Seahawks recover a Jamaal Charles fumble to set up a go-ahead touchdown to ex-Chief Tony Moeaki, but the Chiefs drive down the field again and take the lead back on a Charles touchdown. It's 24-20 in the fourth and the Chiefs still haven't punted.
Earl Thomas has had a hot and cold day. He has run down DeAnthony Thomas in space a few times, which is no mean feat, but he has also missed a handful of tackles.
Aaron Schatz: I'm not a big fan of Seattle's decision to throw a corner fade to Doug Baldwin on fourth-and-goal from the 2-yard line, but I think Sean Smith totally got away with DPI bumping Baldwin in the back right after the pass was thrown. Unless the ref decided not to throw the ball because the pass was uncatchable -- it wasn't the best throw by Wilson.
Vince Verhei: OK, now I'm pissed. After the failed fourth-and-goal play, Seahawks force their first punt. They then have a fourth-and-1 in Kansas City territory. Now, I'm not sure Seattle has thrown a deep pass all game, so Kansas City crowds everyone up on the line, effectively running an 8-0-3 formation. There are corners covering the receivers, but there are no real safeties or linebackers, just everyone pressed up to the line. Also, Max Unger is out again. So what do they call? Read option? Bootleg keeper? Quick slant? Nope. Straight handoff to Lynch up the gut. Nobody is fooled, nobody is beaten, the play loses yardage. That play probably fails 99 times out of 100. That's a much worse call than the goal-line fade route.
Hawks force a three-and-out, so they're getting the ball back with nearly three minutes left and things are definitely not over. But my God have they been outcoached today.
Seahawks got one first down on the final drive thanks to a couple of good plays by Wilson, but the way Kansas City's pass rush was eating Seattle's linemen alive there at the end, that drive never had a chance. They were all over the quarterback every play at the end there.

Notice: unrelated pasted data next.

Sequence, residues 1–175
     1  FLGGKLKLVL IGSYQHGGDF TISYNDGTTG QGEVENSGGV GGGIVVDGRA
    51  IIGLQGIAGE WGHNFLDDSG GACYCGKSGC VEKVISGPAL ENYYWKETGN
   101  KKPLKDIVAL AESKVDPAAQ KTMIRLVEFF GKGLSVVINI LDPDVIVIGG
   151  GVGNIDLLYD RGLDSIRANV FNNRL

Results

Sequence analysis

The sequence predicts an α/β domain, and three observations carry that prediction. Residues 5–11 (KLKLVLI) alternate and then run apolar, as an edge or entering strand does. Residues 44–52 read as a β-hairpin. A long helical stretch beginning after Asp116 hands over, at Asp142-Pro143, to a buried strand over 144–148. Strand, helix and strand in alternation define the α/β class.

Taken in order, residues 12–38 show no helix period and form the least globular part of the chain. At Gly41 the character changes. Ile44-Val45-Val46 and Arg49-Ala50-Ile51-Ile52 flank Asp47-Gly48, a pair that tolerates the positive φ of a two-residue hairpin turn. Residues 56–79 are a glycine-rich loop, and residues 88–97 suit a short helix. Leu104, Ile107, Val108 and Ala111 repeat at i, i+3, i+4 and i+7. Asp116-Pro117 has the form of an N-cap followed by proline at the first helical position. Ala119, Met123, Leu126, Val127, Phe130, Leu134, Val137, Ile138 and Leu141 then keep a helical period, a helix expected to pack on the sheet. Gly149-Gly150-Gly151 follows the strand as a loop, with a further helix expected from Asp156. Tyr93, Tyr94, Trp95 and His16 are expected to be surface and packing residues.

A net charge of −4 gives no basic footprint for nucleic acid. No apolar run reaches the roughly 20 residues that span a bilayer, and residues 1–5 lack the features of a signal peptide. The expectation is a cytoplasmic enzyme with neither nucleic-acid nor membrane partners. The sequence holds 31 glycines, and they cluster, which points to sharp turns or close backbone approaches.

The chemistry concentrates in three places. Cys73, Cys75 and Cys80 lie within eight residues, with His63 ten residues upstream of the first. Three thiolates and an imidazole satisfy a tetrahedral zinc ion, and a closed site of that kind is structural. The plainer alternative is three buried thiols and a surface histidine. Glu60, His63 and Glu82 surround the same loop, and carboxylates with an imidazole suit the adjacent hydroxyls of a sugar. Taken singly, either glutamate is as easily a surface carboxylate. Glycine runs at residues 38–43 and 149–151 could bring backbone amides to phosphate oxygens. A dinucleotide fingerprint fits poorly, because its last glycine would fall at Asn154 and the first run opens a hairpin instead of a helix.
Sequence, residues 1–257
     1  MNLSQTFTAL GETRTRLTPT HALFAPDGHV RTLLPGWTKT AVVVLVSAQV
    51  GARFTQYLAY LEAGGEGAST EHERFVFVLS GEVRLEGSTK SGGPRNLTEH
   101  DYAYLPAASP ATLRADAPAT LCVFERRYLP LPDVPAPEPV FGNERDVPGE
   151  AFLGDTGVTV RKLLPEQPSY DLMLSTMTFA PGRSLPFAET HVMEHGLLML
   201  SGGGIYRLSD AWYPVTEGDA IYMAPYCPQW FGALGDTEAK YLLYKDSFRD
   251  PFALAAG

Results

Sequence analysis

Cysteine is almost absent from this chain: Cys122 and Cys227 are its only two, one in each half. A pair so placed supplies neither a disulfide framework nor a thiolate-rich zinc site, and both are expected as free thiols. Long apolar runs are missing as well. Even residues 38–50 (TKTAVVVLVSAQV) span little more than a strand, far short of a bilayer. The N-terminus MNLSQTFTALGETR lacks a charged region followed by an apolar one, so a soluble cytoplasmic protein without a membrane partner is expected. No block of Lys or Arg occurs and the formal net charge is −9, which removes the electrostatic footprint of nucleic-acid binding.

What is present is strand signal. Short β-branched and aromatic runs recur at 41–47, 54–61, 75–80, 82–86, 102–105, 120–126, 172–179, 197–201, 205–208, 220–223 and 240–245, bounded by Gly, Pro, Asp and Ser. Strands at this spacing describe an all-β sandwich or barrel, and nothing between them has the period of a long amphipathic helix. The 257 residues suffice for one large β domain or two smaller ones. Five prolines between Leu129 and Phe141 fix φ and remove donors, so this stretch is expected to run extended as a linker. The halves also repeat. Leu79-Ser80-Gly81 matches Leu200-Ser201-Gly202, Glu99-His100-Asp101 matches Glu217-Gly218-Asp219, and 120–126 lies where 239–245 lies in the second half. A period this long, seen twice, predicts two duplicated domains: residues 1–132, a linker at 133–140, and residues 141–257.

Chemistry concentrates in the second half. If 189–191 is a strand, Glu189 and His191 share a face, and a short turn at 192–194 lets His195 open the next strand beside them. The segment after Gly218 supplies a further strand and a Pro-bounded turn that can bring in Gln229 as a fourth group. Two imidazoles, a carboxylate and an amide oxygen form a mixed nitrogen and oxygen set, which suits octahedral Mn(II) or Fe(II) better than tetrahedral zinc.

I'm trying to mitigate the damage here in my mind. Seattle still plays two games each against Arizona and San Francisco, and if they take care of business there they'll still take the division. And if they don't take care of business there, well, that will be the reason they miss the playoffs, not so much this non-conference loss.
Still, though... GRRRRRR.
Oakland Raiders 6 at San Diego Chargers 13
Scott Kacsmar: Watching some of the passes Derek Carr has forced the last few weeks, you wonder if his brother had a better idea in just taking a lot of sacks. Last week he had the play where he threw to his lineman, who fumbled. Today he floated one to the running back, who wasn't even looking, and Dwight Freeney almost made a spectacular play on the ball. The Raiders are barely hanging on here in San Diego, but I'm not seeing much progression here. Unfortunately, the Chargers are worried about their quarterback now with Philip Rivers hobbling around after a low hit by Khalil Mack at his knees. It wasn't dirty or anything, but not what you want to see if you're a San Diego fan. We know Rivers has played on a torn ACL, but no quarterback can be effective in that situation.
Tom Gower: Holding on to a 13-6 lead at the two minute warning, San Diego has been moving the ball just well enough to not do anything with it. In its own way, it's just as inspiring as Kansas City and Seattle's offenses earlier today. Oakland has done very little on offense most of the game, nor have they come close to doing many things. They had three first downs until matching that on a single possession that began, as I recall, late in the third quarter. The run game finally showed some life when Latavius Murray got carries rather than Darren McFadden and Maurice Jones-Drew. Imagine that.
Khalil Mack is still really impressive, by the way.
Scott Kacsmar: Raiders should have had time for one more play, but the shadiness of NFL clock operators strikes again. That play was dead with a second or two left.
Detroit Lions 6 at Arizona Cardinals 14
Vince Verhei: Exactly halfway through the first quarter, the Cardinals had a first down in the red zone. Larry Fitzgerald lined up wide, came in motion towards the formation, and just drilled the edge defender with a crackback block to set the edge. It was almost primal how he eyeballed his target so intently, like a cat watching a bird before pouncing. That was better than some of his catches.